Good luck with the changes and I look forward to seeing what you come up with!

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  28. Oh dear I do hope I don't end up pregnant! ;-) haha
    I have a bit of nausea. Thanks so much for your good luck wishes and support Paula! xoxo

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  29. So sorry to read about your diagnosis. But, on the up-side; as many already had said, this will give scope for re-inventing your eating habits with a new twist. Best of luck with this and I shall be reading new recipes with great interest.
    Just a quick note on eating starchy foods. Try avoiding normal potatoes and change to sweet potatoes/yams instead as they have much goodness and are better for diabetics.

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    1. Thanks Sarina! I will try to remember about the Sweet Potatoes. I do love them! xoxo

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  30. I have to join everyone else in welcoming you to the PWD club (Persons With Diabetes). Our numbers are legion! In the US, diabetes case are being diagnosed at alarming rates, mostly because of our diets The good news is that if you keep eating healthier and can exercise regularly, you will lose weight which in turn will help bring your blood sugar down, as well as just improving your health in general. You can still have a treat now an then, just don't make a habit of it! There's a lot of info on the web and in print. We have the American Diabetes Association over here and there's probably something like it in the UK. I know that with your experience and ingenuity in cooking you'll be able to tweak your diet. I think it's important to have a buddy or a support system to help keep you on track, and help when you're feeling low about it. As someone said, it's not a death sentence but it's definitely a challenge!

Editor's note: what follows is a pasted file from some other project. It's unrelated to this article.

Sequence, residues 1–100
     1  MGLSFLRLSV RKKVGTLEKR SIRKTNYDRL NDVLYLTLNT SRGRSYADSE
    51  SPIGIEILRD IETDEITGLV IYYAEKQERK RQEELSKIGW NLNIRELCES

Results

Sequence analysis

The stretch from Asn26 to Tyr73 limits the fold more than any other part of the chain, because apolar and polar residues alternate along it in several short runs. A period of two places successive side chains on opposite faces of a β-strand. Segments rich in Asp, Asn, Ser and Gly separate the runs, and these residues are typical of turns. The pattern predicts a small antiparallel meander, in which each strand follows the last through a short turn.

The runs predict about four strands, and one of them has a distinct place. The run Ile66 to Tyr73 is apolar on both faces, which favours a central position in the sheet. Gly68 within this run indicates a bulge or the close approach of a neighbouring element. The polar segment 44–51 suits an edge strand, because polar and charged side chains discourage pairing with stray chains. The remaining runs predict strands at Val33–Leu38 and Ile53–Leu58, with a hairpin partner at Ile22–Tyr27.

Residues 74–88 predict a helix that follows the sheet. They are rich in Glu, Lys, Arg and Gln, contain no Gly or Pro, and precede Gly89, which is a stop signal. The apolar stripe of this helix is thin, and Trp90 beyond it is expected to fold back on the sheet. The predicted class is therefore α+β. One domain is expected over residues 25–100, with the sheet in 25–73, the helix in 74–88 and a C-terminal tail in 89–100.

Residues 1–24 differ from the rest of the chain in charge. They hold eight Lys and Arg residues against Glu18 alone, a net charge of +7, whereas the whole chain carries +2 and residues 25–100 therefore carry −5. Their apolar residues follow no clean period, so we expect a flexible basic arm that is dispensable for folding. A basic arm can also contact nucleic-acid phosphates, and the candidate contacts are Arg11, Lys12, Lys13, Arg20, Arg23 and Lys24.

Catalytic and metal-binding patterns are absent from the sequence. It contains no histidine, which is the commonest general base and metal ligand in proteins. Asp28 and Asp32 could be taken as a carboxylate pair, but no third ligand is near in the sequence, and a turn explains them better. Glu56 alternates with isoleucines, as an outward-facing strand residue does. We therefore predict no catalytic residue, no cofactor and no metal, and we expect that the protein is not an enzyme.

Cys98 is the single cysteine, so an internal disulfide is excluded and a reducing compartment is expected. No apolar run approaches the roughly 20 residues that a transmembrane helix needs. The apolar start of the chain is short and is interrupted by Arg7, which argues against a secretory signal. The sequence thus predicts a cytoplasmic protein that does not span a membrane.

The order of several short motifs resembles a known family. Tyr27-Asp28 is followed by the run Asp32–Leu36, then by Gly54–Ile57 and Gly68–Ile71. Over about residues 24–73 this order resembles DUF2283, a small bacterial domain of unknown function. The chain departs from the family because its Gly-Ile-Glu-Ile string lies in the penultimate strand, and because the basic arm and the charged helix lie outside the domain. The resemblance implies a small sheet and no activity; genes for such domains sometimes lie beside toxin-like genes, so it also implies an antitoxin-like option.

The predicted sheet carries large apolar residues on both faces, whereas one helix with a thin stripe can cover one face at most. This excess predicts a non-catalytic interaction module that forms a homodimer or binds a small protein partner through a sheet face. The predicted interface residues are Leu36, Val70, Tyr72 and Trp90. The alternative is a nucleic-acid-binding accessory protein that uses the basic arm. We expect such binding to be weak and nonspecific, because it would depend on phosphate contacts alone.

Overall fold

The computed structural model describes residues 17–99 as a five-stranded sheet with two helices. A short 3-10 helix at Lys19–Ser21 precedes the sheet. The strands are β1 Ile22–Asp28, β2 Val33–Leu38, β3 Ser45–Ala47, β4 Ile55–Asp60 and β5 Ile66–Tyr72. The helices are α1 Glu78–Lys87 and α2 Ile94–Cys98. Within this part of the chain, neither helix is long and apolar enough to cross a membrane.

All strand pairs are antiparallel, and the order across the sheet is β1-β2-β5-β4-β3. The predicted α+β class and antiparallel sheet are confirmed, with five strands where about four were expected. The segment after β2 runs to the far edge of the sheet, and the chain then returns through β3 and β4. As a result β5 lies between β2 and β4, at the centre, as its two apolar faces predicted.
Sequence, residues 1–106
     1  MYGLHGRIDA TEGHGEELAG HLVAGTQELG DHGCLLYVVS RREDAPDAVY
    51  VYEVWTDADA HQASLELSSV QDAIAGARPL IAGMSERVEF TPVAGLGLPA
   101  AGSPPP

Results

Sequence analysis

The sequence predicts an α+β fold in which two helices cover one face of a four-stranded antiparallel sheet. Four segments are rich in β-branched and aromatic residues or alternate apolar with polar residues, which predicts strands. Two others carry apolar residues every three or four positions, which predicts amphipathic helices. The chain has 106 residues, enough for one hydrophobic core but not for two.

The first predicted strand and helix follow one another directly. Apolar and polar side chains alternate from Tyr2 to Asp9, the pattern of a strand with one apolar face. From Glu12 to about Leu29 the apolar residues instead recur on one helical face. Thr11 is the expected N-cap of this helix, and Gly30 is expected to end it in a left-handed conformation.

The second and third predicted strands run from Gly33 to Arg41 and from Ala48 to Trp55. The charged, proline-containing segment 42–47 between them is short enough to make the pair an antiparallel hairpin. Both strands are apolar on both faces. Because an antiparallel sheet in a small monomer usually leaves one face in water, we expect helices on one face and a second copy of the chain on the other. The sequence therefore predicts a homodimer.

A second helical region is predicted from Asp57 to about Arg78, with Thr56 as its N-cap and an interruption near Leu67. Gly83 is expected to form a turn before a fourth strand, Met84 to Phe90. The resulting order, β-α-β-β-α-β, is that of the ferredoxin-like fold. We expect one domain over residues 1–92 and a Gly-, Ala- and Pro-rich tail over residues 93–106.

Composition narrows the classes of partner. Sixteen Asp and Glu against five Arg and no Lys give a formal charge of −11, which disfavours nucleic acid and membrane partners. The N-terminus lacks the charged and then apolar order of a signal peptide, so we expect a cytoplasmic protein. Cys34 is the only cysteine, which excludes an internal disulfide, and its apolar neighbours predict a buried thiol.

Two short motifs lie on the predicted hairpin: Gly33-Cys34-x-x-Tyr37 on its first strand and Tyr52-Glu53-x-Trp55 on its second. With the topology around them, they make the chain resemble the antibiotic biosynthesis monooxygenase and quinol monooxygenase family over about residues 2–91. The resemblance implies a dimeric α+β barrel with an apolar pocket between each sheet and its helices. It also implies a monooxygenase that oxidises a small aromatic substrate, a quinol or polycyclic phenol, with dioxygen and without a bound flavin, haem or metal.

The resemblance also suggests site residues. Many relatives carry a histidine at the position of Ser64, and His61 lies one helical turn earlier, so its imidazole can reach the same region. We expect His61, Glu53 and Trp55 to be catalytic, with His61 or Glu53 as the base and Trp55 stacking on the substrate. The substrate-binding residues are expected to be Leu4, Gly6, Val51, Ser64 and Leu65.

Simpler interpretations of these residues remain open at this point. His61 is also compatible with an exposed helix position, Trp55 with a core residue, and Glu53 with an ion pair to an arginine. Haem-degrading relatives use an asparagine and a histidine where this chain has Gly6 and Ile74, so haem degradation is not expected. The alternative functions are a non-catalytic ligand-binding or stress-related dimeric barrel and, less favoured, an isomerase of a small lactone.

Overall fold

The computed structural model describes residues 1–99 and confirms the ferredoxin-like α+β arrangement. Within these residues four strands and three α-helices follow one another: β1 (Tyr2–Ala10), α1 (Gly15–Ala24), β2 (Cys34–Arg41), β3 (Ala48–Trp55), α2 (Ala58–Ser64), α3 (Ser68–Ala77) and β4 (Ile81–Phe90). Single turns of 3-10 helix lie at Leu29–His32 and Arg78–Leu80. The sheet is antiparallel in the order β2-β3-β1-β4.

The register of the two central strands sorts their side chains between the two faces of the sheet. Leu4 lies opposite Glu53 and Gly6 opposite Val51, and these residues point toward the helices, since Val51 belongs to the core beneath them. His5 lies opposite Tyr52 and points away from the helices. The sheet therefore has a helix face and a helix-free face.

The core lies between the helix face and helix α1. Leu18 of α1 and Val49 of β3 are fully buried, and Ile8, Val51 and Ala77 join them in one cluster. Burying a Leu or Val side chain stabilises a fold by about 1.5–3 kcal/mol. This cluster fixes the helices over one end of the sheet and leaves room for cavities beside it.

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    1. Thanks Marty. It's very early days for me now and I am on a very steep learning curve. I will be taking a course as well as having frequent visits to the nurse. I will be joining some online groups as well! Thanks for your confidnce in me and my ability to conquer this latest challenge! xo

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  31. This may help a little bit. My dad is diabetic and has been for a LONG time. One thing we discovered is when he ate normal pasta, noodles, etc., it would seriously raise his sugar levels. However, if my mom would make the very same thing but use whole wheat pasta, which at least here in the states is very readily available in supermarkets or just about any place that sells this sort of thing it barely raised it at all. What it is that the whole wheat has or the regular doesn't have, I don't know. It's something you'll have to try on your own.